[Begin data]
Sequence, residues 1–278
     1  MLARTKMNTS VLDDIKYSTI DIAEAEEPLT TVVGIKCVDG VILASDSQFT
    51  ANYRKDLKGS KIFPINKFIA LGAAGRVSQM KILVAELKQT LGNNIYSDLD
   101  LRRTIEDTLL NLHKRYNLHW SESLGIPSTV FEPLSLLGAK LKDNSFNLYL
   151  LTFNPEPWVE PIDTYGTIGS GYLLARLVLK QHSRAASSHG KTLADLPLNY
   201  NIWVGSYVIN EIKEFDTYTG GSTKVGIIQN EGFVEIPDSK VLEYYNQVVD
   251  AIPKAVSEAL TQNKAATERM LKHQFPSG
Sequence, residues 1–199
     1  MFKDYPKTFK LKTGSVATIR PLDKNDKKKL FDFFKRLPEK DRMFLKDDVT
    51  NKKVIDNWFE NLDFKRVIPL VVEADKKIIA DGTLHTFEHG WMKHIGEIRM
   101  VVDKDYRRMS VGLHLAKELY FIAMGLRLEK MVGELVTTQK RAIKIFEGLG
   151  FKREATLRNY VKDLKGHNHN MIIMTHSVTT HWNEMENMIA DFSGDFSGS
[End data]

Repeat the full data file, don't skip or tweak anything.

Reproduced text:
Sequence, residues 1–278
     1  MLARTKMNTS VLDDIKYSTI DIAEAEEPLT TVVGIKCVDG VILASDSQFT
    51  ANYRKDLKGS KIFPINKFIA LGAAGRVSQM KILVAELKQT LGNNIYSDLD
   101  LRRTIEDTLL NLHKRYNLHW SESLGIPSTV FEPLSLLGAK LKDNSFNLYL
   151  LTFNPEPWVE PIDTYGTIGS GYLLARLVLK QHSRAASSHG KTLADLPLNY
   201  NIWVGSYVIN EIKEFDTYTG GSTKVGIIQN EGFVEIPDSK VLEYYNQVVD
   251  AIPKAVSEAL TQNKAATERM LKHQFPSG
Sequence, residues 1–199
     1  MFKDYPKTFK LKTGSVATIR PLDKNDKKKL FDFFKRLPEK DRMFLKDDVT
    51  NKKVIDNWFE NLDFKRVIPL VVEADKKIIA DGTLHTFEHG WMKHIGEIRM
   101  VVDKDYRRMS VGLHLAKELY FIAMGLRLEK MVGELVTTQK RAIKIFEGLG
   151  FKREATLRNY VKDLKGHNHN MIIMTHSVTT HWNEMENMIA DFSGDFSGS